Dr. Yoon Hyejin and Hong Banjang have their own concerns that were addressed as the story progressed. Theirs were the facets that kept the entire story together. Hyejin’s was complex but was less complicated than Hong Banjang’s mysterious five-year disappearance. Their story was complemented by the stories of the people around them. However, I will dig deeper into their stories in my full review of the drama.
See, Gongjin is a far cry from the images of perfection that we spectators were initially provided with. What unspooled was an ecosystem of heartaches, and of heartbroken and flawed misfits. But still, it worked seamlessly because what made them imperfect, their flaws, made them relatable. Their rawness rendered the drama an air of authenticity and sincerity. In their loneliness and imperfections, we see a community come together. It resulted in an immersive and powerful experience as their stories slowly converge with our own. In them, we see traces of ourselves, our heartaches but we also see individuals who are resilient and who find the strength in each other. That is what a community means.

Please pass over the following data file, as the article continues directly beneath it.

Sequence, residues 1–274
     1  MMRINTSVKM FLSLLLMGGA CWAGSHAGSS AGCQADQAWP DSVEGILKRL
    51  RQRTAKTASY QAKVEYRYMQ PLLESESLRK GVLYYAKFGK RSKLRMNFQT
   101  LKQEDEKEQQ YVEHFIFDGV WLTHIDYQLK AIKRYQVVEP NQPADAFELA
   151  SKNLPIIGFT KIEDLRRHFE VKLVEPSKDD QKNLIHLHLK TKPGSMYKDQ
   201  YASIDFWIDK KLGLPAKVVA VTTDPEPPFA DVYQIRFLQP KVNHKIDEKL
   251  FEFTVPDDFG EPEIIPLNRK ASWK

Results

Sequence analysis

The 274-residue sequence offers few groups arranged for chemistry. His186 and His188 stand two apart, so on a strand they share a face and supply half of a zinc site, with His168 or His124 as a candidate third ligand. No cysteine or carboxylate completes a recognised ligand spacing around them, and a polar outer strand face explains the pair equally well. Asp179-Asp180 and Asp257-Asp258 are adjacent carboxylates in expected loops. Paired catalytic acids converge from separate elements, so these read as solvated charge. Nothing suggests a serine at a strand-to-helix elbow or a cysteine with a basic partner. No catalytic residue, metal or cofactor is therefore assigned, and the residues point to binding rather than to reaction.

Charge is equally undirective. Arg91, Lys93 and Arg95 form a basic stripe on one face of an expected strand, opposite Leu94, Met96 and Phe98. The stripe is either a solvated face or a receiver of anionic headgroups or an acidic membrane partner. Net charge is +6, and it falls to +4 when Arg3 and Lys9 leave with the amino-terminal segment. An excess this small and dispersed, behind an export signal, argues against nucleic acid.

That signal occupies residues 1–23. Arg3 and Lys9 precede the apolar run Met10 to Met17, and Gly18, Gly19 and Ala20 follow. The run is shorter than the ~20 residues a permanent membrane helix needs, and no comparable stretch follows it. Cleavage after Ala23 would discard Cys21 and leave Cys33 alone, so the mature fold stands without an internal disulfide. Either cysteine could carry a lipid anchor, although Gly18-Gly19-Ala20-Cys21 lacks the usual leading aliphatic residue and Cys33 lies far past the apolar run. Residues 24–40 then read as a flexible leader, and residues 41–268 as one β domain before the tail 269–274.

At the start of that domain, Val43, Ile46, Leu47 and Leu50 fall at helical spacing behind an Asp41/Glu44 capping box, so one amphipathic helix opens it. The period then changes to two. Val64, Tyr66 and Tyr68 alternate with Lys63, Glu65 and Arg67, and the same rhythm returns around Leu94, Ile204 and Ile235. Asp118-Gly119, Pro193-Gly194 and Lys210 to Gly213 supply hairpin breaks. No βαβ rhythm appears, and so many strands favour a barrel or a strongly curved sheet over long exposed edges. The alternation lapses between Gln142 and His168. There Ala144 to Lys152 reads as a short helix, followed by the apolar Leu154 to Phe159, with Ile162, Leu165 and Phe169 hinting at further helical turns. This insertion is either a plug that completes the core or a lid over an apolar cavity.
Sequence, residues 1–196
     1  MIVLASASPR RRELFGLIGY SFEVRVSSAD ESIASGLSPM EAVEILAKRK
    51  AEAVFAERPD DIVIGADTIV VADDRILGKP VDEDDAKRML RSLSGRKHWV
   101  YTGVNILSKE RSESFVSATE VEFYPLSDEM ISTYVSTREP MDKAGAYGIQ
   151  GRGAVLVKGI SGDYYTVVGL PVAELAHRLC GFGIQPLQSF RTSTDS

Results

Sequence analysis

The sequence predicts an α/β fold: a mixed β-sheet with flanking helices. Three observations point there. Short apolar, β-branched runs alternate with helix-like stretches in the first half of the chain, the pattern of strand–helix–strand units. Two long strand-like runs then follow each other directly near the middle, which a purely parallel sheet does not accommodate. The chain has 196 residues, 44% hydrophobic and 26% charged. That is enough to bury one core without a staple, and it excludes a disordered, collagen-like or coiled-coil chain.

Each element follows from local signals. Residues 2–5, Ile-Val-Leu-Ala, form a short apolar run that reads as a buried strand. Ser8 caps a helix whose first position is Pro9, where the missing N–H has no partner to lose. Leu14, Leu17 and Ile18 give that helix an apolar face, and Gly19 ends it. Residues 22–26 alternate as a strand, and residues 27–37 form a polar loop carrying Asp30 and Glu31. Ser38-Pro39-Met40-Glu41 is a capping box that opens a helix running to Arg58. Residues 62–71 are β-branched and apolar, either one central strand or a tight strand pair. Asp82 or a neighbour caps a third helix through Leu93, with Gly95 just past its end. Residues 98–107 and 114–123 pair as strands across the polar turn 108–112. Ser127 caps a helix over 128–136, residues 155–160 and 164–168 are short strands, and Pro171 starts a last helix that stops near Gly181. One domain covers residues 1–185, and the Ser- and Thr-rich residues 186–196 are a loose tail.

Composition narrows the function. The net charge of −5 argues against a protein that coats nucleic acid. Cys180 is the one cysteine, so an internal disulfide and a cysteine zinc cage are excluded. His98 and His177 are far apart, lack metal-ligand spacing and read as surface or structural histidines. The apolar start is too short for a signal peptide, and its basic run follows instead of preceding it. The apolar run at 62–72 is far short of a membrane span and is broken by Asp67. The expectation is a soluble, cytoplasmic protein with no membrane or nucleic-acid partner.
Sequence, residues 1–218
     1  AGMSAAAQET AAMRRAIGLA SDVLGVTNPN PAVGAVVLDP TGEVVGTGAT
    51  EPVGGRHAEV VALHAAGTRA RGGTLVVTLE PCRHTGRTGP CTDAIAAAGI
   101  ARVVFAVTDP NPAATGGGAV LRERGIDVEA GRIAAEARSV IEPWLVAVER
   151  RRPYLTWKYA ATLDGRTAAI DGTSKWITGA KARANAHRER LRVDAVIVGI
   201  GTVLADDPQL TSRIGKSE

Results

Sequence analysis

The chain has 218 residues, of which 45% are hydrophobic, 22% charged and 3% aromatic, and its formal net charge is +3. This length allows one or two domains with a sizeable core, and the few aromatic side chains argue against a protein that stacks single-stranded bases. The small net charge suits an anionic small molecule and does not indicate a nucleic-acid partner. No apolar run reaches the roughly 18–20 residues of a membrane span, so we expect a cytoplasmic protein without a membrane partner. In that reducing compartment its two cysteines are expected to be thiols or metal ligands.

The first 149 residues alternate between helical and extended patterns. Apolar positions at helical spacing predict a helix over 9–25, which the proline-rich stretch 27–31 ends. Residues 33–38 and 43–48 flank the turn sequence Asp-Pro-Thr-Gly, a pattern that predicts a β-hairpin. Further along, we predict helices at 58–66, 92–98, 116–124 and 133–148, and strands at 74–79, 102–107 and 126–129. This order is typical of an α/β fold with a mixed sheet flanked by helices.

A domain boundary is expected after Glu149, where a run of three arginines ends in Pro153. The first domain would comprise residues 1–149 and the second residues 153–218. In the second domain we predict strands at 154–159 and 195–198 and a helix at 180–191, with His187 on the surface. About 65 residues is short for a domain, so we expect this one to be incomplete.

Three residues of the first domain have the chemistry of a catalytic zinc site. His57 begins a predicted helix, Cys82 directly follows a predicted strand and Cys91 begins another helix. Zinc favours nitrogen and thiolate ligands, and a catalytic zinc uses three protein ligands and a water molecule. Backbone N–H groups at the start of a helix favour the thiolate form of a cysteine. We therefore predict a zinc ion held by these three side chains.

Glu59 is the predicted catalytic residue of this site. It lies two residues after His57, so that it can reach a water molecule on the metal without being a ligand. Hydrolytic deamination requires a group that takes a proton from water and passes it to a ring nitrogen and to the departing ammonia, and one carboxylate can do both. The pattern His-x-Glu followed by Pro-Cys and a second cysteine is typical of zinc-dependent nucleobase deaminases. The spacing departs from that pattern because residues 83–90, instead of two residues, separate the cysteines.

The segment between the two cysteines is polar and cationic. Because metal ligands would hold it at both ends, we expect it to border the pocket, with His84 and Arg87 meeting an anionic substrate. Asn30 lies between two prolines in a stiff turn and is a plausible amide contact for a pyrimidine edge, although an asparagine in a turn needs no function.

There was certainly a pearl of wisdom behind Hwa-Jung’s words to Hyejin:
On Dusik: be his rock.
On Nam-sook: we would rather have her like this than see her state of devastation.
In Gongjin, we see a collection of rejects, misfits, flawed characters who came together and be each other’s rock. For what they lack, they complimented each other and made each one his or her own strength. They filled in what was missing in each other’s life. It was raw. It was authentic. It was heartwarming. It was beautiful to witness. It sure does live up to what it set out to achieve from the onset: be a healing drama.
One prominent structure in Gongjin is the lighthouse. At several moments in the drama, one can see it featured on the backdrop. It can be viewed from any part of Gonjin. Gongjin, then, becomes a metaphor, a lighthouse that beacons for those who are stuck in the darkness. It is a safe haven one can dock in times of storms. It is a place where one can find healing. It is a place one can return to despite years of absence because one knows that it will warmly welcome him or her. It certainly did for Hong Banjang, especially after his personal tragedy in Seoul. It also turned into Hyejin’s after her own little incidents in Seoul. Gongjin was there for both of them. However, Gongjin is not necessarily a physical place. It can also be a person, or even a memory, a picture that we can find comfort during the most challenging times. And for everyone who is struggling right now, I hope you find your own Gongjin.